Don’t tear it down – convert it

With the influences of demographic developments and climate change, it is becoming impossible to meet the demand for suitable and affordable housing exclusively by building new houses. So how can we use existing modernist buildings and convert them in a way that will suit the growing need for urban residential homes and create an identity at the same time?  As part of the project ‘Reuse of Modernist Buildings (RMB)’ design tools and strategies have been developed for sustainable reuse of buildings from the 50s to the 80s.On Thursday, 23 November 2017, the RMB conference on ‘Resilience’ met in Detmold.

The topic of current use and reuse of modernist buildings was broached by several members of the RMB project and by the European guest speakers in their talks. The subjects presented ranged from architectural projects to research studies; they were based on sound research processes and presented numerous reference projects from the European area.

The architect and current winner of the Mies van de Rohe Award, Xander Vermeulen Windsant, showcased in his talk on the subject of “Resilient Neighborhoods” the reuse concept for ‘DeKleiburg’ as an example of a positive neighborhood development which successfully manages to create a sense of identity. DeKleiburg in one of the largest building complexes in the Netherlands, and is situated in the Bijlmermeer city district of Amsterdam. The reuse and revitalization concept included the entire building, from floorplan to communal rooms to activities in the city district. The design of the individual flats is to remain chiefly the responsibility of the users with their own DIY projects. A variety of layouts and façade designs promotes identity  of the building structure. Windsant raised the question whether instead of demolishing them we could apply such reuse concepts in other buildings too.

In the second half of the talks, with the theme of “Resilient Building Skins”, Professor Alex Dill thematized the relationship between architecture, culture, politics and historic monuments, based on modernist buildings like the Rietveld-Schröder house and the Bauhaus Dessau.  He also referred to the Russian architecture of Erik Mendelssohn and inquired about the relationship between the original and its restauration. Dill viewed architecture both as having the potential to create culture, and the prime medium to aid the transition from conventional types of housing and lifestyles.  Politically architecture acts, he said, as the border between different social classes and has a representative effect.  In the category “Architecture and Heritage”, he explained the interdisciplinary restauration of the Villa Tugendhat (Ludwig Mies van der Rohe, Brünn).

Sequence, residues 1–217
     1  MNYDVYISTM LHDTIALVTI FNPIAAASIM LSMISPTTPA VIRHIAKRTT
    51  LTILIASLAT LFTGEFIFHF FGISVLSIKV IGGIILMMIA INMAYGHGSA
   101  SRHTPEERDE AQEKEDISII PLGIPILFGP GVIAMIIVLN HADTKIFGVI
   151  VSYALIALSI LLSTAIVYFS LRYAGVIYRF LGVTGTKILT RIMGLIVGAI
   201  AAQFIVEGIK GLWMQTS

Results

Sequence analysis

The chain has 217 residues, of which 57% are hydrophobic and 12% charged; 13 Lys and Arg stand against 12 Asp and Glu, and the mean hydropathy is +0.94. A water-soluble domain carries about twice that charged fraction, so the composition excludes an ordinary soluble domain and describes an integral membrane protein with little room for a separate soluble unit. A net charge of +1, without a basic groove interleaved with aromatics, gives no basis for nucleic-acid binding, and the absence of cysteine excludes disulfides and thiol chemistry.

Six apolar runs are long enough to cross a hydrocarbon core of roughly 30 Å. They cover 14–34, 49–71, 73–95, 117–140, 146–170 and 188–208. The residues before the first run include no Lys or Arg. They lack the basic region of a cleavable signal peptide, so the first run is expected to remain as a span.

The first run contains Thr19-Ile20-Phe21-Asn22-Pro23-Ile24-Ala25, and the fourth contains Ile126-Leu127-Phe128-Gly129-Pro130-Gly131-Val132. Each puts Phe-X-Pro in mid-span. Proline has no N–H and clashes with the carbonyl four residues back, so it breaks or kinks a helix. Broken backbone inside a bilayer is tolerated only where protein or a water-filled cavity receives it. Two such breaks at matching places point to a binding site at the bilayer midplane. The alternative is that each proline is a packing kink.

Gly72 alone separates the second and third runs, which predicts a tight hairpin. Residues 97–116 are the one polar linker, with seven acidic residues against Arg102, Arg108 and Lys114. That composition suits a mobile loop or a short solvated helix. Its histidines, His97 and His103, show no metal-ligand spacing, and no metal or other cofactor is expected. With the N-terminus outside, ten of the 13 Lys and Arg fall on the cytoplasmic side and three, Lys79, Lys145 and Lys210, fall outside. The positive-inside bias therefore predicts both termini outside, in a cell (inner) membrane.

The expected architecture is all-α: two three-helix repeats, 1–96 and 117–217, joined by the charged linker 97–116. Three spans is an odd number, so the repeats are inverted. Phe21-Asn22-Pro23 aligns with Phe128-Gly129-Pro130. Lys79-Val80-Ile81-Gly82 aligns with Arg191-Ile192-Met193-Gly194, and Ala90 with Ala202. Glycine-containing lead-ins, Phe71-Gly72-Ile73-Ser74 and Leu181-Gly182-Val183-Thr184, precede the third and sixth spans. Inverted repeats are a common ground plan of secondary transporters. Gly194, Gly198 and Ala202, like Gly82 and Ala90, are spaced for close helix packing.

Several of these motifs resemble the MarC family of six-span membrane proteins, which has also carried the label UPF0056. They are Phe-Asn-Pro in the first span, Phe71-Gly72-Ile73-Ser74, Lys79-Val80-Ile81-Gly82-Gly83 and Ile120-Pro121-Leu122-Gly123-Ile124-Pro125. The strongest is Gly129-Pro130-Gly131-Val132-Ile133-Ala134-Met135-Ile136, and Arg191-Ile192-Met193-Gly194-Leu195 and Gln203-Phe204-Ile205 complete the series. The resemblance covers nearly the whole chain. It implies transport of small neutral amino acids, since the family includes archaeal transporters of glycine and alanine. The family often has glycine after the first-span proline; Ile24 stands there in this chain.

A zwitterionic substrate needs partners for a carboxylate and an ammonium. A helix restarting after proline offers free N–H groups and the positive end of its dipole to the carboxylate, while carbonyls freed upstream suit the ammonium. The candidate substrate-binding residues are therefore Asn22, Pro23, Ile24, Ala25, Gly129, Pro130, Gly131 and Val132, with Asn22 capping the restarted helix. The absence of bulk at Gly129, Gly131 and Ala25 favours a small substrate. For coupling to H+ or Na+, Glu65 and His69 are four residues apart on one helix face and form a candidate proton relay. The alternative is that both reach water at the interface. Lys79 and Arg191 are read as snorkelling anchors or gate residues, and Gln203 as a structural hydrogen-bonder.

Background: The ERASMUS project “Reuse of Modern Buildings” (RMB) is a cooperative project of five universities and Docomomo, a European NGO and an associated international partner (The Energy and Resources Institute, India). The RMB project which is coordinated by the Hochschule Ostwestfalen-Lippe is aiming to create a  European Master study program. Teaching will focus on the technological, conceptual and social aspects of modern architecture after WWII and the necessary technical and conceptual adaption of today’s building and living standards required to meet future housing needs and at the same time win acceptance for modernist housing complexes.  Past study projects and international workshops have developed experimental new living and working environments for such buildings as the Bauturm, the city hall of Marl and the prefabricated buildings in the urban district of Hüls.

Talks were also given by the following speakers:

Anica Dragutinovic: Contested Resilience of a Modern Structure or “Dissonant Heritage”: Multilayered Identity of the Old Belgrade Fairground

  • Zara Ferreira: Post-WW II housing estates in Europe: obsolescence or resilience?
  • Daniela Arnaut: Radium Pavilion of the Portuguese Institute of Oncology in Lisbon. A modernist functional skin.
  • Prof. Aslihan Tavil: Presentation of ERASMUS+ RMB project
  • Prof. Gonçalo Canto Moniz und Prof. Paulo Providência: Dialouge with the community and photo elicitation for reuse of modern buildings design studios: a pedagogical experience
  • Prof. Teresa Heitor: Role of workshops in education. Introduction of different workshop formats. Results of the RMB student workshops
  • Students of the study programs Master of Integrated Design/Hochschule OWL and Master of Integrated Architectural Design/Hochschule OWL: Poster presentation – Scientific Approaches for resilient modernist buildings and facades.

For further information on the project and the conference, please go to:

(Text and photos: Dennis Kehr)